Edinburgh Art Festival Review: A Taste for Impressionism, Scottish National Gallery

Olive trees, by Vincent van Gogh PIC: Graeme Yule / National Galleries of Scotland

A Taste for Impressionism: Modern French Art from Millet to Matisse, Scottish National Gallery, Edinburgh ****

In 1960, Alexander Maitland donated 21 works of art to the National Galleries of Scotland. When he died in 1965, he bequeathed five others. All 26 were paintings or sculptures produced in France during the exciting years that saw Impressionism flourish in the 1860s, and then Picasso, Matisse and others developed radically new styles in the early 20th century. The future blockbuster of the National Galleries for this summer, The Taste of Impressionism: French Modern Art from Millet to Matisse, tells the story, not only of art, but also of the Maitlands, the other collectors whose generosity has enriched the national collection, and the curators who have directed its development both by encouraging donations and by making judicious purchases.

Alexander Maitland – he was later knighted and is therefore known as Sir Alexander – made his magnificent gift in 1960 in memory of his wife Rosalind, who had died the previous year. The couple had been collecting since the 1930s and among their most important purchases were Monet’s Haystacks, Van Gogh’s Flowering Orchard and Gauguin’s Three Tahitians, purchased in 1936. Cézanne’s Mont St Victoire was however purchased by Maitland in 1959, and therefore went almost straight. in the national collection. He bought Matisse’s The Painting Lesson in 1960. It came to the gallery when he died in 1965 and his purchase may have been prompted by the opening in 1960 of the Scottish National Gallery of Modern Art and Matisse is certainly one of its greatest ornaments.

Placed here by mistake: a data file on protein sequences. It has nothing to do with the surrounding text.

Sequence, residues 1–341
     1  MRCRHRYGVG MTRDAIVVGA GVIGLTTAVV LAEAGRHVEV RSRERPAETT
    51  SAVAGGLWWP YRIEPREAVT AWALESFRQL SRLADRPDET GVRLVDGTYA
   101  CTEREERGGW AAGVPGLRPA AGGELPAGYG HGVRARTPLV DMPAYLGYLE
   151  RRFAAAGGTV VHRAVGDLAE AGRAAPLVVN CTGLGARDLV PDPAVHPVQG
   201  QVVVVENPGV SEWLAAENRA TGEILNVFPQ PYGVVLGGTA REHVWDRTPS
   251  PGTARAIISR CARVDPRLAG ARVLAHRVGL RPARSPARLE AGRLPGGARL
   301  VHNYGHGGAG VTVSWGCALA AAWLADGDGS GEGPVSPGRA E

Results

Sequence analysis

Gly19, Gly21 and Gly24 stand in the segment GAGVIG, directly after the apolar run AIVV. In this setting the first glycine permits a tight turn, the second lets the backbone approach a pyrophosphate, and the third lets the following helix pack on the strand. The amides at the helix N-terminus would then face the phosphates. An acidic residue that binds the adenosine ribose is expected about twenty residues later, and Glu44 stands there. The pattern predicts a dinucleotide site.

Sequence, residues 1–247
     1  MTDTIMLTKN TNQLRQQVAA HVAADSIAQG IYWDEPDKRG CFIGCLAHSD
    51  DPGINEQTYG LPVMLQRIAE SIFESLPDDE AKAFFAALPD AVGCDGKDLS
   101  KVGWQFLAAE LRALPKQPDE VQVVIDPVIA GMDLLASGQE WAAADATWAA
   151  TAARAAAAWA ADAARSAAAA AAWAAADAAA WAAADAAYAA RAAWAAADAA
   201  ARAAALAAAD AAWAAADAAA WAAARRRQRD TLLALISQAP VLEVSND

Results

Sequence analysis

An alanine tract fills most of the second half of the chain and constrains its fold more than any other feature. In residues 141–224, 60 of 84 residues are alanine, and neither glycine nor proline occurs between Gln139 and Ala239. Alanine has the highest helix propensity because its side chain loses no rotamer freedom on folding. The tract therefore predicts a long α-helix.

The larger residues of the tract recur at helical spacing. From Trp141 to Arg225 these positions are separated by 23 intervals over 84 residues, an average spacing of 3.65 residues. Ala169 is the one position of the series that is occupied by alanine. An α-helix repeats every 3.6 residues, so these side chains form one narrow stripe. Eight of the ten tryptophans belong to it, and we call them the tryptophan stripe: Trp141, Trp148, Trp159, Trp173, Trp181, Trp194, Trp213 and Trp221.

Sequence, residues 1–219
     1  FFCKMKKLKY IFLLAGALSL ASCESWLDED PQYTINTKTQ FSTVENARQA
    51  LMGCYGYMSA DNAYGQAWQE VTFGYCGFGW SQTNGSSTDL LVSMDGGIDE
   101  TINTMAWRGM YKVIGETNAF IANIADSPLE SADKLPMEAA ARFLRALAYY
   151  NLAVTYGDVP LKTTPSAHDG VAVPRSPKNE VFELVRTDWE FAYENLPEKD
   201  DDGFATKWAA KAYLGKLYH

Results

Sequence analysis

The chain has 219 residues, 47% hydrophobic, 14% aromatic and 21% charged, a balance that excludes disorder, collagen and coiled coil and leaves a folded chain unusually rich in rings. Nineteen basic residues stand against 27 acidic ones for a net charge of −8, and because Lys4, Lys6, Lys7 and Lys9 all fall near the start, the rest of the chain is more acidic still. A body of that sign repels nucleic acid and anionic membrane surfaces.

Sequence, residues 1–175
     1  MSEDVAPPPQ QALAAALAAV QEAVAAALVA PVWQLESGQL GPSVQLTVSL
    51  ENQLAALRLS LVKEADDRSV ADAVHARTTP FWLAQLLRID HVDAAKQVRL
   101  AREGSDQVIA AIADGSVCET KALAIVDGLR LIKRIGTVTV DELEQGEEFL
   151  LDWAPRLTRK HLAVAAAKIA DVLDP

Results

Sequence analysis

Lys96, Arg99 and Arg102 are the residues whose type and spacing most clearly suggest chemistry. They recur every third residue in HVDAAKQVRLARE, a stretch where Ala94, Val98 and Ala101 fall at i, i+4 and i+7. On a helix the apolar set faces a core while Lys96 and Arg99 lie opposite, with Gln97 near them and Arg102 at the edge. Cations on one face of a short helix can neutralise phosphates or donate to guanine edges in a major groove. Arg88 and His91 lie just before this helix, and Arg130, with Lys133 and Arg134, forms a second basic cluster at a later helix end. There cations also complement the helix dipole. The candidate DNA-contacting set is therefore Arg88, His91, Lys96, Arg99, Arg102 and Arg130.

The idea for a gallery dedicated to modern art was first floated by gallerist, Stanley Curister, in the 1930s. He was appointed in 1925 and is one of the most important figures in the gallery history. In its first year of mandate, the gallery acquired both the Poplars on the Epte by Monet and the Vision after the Sermon by Gauguin. If Monet had become respectable by then, the Vision after the Sermon, although a key painting in the history of modern art, was a very bold purchase. So was Van Gogh, but in 1934 Cursiter bought his Olives, another true masterpiece.

More than that, however, it was Cursiter who advised the Maitlands in their collection. He’s such an important figure in this story, it’s a shame there isn’t a portrait of him here. A fine portrait by James Guthrie of Rosalind Maitland, in whose name the Maitland gift was given, is not here either. A few such digressions might have brightened the show, but there are none. It is strictly the national collection of French art from those critical years and follows the conventional history of Impressionism and its legacy. To complete this story, however, there are also half a dozen loans, mostly from other Scottish public collections.

Also missing a picture or two, but they should be here. Most notable is the magnificent Les Grands Arbres by Cézanne. Bequeathed by Anne Kessler and dated c. 1902-4 is a very great example of Cézanne’s late style. It is posted on the walls, but will only appear there in September. The exhibition was originally planned for 2020, which would have been the 60th anniversary of Maitland’s donation, but history intervened and when it became possible to mount it, loans had been agreed which meant that several images were found elsewhere.